Wednesday, April 11, 2007

11-04-2007: KFC out to regain investor confidence

KFC Holdings (RM5.75) is staying on track to regaining investor confidence in the company. The stock was shunned following negative publicity surrounding its sometimes rancorous boardroom and shareholder tussles over the past few years.

The company certainly appears to have improved its operations and balance sheet while earnings have recovered pretty well in 2005-2006. Under prevailing operating conditions, we estimate earnings should grow by about 12% or so this year – to roughly 56.1 sen per share. That implies the stock is trading at fairly decent price earnings ratio (P/E) of roughly 10.2 times.

End of shareholder uncertainty
After a series of very public tussles for control, Kulim is now firmly ensconced in the driving seat. The company holds a 57.4% interest in QSR Brands, which in turn owns 42.9% of KFC.

QSR has made a general offer for all remaining shares in KFC that it doesn't already own at RM4.94 per share. The offer closes on April 23. But the stock has been trading well above this offer price suggesting that the market is betting on better returns from the fast-food operator. KFC's share price rose as high as RM6.40 earlier this year before giving back some gains following the global sell-off in late February.

New look, new products
KFC recently launched a new brand logo, which features bolder colours and a more well-defined Colonel Sanders in a red cook's apron, in line with the worldwide redesign of KFC restaurants. The company expects to remodel all its outlets over a two-year period.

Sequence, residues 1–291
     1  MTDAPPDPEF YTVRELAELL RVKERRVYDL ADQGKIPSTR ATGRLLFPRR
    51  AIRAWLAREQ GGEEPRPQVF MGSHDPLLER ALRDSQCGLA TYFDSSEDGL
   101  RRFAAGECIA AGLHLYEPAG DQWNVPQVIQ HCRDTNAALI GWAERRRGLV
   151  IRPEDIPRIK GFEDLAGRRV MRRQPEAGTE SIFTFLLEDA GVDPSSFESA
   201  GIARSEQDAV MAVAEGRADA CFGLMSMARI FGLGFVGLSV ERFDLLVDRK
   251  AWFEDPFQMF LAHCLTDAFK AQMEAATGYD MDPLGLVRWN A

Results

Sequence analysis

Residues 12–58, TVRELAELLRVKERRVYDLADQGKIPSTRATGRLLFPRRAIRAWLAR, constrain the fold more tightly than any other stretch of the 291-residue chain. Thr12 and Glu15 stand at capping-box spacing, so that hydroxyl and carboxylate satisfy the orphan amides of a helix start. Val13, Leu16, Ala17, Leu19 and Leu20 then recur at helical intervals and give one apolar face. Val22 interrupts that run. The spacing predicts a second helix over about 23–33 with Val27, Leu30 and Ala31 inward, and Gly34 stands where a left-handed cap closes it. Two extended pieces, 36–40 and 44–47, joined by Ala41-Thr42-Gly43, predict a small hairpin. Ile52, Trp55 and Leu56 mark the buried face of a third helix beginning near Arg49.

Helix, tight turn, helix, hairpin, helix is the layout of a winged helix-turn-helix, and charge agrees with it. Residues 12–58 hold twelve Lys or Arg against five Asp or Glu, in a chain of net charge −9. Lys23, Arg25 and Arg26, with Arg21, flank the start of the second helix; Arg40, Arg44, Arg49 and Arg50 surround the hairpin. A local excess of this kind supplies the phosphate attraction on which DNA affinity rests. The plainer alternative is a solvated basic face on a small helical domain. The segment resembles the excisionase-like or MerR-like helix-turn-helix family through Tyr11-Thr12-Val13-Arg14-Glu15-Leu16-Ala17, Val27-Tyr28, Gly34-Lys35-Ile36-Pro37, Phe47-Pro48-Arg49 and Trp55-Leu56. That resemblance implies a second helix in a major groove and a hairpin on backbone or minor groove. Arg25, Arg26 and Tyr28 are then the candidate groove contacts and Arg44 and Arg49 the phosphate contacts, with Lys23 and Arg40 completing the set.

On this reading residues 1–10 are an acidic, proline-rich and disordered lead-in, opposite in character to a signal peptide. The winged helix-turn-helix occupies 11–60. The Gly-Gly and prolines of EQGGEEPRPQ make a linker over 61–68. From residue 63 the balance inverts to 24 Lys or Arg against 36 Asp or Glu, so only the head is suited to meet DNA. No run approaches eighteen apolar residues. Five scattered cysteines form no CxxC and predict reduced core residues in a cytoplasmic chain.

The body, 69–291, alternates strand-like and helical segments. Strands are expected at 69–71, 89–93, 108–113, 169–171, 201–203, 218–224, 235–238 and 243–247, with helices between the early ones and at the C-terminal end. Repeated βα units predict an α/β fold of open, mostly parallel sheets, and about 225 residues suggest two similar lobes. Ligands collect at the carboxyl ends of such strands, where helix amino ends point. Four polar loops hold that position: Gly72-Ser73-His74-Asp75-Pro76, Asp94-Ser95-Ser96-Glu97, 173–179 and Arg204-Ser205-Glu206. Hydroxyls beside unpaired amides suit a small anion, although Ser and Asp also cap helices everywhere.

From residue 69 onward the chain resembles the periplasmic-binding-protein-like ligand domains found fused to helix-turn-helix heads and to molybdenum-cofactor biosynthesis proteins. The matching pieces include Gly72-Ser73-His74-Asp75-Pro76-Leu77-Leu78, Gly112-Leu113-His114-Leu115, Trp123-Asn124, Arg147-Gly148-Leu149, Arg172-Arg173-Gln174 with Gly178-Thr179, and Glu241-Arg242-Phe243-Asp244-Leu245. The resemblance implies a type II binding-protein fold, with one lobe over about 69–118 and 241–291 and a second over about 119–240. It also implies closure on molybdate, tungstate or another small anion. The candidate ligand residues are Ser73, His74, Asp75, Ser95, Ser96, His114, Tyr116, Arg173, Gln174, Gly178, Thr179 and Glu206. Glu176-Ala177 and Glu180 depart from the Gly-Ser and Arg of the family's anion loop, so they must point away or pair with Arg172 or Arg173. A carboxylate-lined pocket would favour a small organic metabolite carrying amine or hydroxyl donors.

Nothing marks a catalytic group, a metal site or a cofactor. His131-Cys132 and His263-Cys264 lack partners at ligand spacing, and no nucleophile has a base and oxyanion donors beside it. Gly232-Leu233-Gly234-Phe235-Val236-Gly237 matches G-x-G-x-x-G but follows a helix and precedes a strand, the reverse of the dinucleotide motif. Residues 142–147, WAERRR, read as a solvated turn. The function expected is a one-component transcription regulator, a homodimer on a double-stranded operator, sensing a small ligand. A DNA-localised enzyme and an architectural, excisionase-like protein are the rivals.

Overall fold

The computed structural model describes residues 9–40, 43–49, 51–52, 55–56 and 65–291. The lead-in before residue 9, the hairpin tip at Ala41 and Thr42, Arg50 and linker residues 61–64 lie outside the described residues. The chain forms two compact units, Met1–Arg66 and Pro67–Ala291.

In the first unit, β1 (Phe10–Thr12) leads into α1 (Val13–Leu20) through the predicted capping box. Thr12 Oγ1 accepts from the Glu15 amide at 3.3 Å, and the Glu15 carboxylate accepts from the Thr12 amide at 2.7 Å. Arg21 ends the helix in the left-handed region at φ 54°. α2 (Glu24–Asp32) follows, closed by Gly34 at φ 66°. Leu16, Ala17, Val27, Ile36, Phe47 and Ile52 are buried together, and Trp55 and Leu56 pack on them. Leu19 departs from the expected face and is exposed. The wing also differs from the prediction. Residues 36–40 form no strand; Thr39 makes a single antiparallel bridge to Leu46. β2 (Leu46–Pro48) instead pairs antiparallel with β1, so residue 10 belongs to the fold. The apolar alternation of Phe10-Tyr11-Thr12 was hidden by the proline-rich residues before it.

Restaurant turnover was up by some 8.4% in 2006, and should continue to grow at a similar pace this year. KFC has added five new outlets for the year-to-date and intends to open another 11 by year-end. At the last count, the company operates 449 restaurants in Malaysia, Brunei and Singapore.

In addition to offering customers a fresh dine-in ambience, KFC has also added rice to its menu. The staple food is now offered as the "Colonel Rice Combo" along with two pieces of chicken, coleslaw and a regular carbonated drink.

Improved cash flow and balance sheet
Its various measures to rationalise operations appeared successful. KFC's balance sheet strengthened over the past two years with better cash flow. Net debt was reduced from RM332 million at end-2004 to RM35 million last year. We expect this trend to continue even after taking into account the higher capital expenditure to remodel its restaurants.

Cash returns to shareholders have also risen gradually with the improved balance sheet. Dividends totaled 18 sen per share in 2006. (The entitlement date for the 14 sen final dividend has yet to be announced.) Based on the company's minimum 25% payout policy and our earnings forecast, dividends could grow to 20 sen per share this year. This translates into a yield of roughly 3.5% at the current share price. - InsiderAsia

Note: This report is brought to you by Asia Analytica Sdn Bhd, a licensed investment adviser. Please exercise your own judgment or seek professional advice for your specific investment needs. We are not responsible for your investment decisions. Our shareholders, directors and employees may have positions in any of the stocks mentioned.


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